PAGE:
Letter Re: Power Outage Alarms

Jim,
Thanks for keeping up the good work. I have inadvertently discovered a great power outage alarm. We were bought a carbon monoxide detector a while back. Whenever the power is cut, or the unit is un-plugged, it WILL wake you up!   I don’t know how long it continues to go off because it is so loud, I get it stopped right away. This is an item we should all have, too, just to detect the carbon monoxide. – Sid




Letter Re: Knob Creek Machinegun Shoot and Patton Museum Photos

Mr. Rawles, this started out as an entry for your preparedness articles writing contest. Unfortunately, it took a different turn and I don’t have the time to devote to it. The value of my research is these pictures. See:  http://www.curevents.com/vb/showthread.php?p=169180#post169180 I hope you enjoy! – Johnny, a.k.a. swampthing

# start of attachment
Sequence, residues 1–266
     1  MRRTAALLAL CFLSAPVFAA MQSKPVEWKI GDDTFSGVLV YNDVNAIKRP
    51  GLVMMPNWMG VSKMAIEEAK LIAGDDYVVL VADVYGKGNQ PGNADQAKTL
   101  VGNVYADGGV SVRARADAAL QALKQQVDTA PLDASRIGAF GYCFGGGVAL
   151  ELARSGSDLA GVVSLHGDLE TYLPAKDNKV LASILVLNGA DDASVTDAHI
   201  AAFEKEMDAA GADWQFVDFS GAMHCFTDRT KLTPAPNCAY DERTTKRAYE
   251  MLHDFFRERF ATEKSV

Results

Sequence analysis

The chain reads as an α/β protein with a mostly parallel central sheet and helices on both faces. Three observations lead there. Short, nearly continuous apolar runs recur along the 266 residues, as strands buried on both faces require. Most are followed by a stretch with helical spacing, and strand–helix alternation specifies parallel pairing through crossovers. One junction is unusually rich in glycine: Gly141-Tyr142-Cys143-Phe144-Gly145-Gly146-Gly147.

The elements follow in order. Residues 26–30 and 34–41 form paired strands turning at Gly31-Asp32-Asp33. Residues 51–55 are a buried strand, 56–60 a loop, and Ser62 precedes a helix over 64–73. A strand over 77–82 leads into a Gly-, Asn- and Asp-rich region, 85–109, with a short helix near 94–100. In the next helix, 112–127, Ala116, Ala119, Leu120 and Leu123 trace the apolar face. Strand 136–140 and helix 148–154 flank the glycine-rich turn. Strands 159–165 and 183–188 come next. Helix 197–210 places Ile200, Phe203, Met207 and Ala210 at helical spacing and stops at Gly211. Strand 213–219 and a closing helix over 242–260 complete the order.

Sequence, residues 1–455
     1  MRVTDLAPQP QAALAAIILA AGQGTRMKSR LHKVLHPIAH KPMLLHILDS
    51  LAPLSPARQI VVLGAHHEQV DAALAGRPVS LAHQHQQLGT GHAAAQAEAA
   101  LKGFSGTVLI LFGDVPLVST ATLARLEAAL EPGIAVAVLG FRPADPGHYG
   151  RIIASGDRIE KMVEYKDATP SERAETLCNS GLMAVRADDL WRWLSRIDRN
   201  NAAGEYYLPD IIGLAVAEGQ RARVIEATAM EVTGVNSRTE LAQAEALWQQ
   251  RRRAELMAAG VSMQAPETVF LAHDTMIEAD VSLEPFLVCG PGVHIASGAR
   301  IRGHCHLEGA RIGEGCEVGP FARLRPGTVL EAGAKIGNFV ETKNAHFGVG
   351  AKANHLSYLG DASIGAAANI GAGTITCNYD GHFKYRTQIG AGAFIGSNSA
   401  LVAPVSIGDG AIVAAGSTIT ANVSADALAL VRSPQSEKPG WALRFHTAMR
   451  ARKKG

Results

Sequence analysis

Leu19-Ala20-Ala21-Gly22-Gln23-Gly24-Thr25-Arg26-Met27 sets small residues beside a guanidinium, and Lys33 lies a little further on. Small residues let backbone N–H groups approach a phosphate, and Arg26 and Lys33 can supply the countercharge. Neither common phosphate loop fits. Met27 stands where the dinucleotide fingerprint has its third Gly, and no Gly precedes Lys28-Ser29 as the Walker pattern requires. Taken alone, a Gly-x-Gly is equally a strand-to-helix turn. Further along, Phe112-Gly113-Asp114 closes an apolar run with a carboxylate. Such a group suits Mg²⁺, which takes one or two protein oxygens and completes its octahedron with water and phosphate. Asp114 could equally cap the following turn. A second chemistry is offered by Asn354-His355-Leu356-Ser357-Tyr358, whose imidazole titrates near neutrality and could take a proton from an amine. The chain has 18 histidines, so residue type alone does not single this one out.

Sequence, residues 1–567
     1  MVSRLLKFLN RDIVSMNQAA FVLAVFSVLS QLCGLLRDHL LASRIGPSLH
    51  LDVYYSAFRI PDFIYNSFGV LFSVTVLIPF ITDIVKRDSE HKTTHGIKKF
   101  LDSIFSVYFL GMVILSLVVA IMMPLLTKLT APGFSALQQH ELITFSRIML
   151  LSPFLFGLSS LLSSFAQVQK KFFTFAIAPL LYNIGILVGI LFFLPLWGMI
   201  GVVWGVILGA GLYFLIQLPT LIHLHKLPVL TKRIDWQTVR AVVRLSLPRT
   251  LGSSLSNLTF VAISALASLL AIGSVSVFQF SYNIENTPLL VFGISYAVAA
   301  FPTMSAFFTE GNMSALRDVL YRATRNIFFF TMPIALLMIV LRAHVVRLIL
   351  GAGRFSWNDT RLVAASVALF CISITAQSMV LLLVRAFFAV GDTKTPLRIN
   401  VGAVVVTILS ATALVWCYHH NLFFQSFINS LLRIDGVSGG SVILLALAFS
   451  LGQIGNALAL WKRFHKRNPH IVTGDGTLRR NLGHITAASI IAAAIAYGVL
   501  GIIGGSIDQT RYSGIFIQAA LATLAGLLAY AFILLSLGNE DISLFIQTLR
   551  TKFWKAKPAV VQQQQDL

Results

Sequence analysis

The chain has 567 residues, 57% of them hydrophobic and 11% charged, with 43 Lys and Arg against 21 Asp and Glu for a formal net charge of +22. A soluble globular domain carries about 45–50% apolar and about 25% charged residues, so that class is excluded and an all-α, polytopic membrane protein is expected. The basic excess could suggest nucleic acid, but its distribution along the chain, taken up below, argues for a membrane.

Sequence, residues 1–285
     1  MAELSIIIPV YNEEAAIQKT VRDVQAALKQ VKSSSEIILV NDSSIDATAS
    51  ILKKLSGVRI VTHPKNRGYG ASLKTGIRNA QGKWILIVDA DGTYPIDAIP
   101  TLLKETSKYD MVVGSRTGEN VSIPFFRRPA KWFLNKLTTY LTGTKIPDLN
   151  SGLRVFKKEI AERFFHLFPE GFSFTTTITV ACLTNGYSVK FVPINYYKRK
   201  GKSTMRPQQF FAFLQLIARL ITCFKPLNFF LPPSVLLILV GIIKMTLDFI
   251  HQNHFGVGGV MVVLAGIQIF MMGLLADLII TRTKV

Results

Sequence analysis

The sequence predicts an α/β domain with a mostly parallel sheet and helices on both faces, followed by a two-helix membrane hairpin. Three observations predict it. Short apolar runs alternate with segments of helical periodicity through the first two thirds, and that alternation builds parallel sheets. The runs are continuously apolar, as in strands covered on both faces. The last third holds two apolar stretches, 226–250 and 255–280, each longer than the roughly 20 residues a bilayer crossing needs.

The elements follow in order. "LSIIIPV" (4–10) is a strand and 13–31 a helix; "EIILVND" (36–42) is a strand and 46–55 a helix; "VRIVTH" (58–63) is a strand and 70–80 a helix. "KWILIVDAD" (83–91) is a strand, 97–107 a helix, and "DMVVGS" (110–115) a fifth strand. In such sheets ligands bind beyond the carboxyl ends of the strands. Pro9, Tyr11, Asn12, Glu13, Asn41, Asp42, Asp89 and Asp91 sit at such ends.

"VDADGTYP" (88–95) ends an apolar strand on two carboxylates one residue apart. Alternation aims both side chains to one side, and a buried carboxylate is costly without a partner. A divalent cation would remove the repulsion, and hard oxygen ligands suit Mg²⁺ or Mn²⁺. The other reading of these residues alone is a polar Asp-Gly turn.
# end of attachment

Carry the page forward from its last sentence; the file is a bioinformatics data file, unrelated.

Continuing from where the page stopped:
Note from JWR:

Today we feature still another entry for the SurvivalBlog writing contest. The prize is a transferable four day course certificate, good for any course at Front Sight. Get your non-fiction articles submitted via e-mail by the end of November to be considered for the contest. Most of the articles that have been submitted thusfar are fairly general.  Feel free to submit detailed articles on specific topicsAll will be considered for posting.




Jeff in Afghanistan on: The Combat/Survival Mindset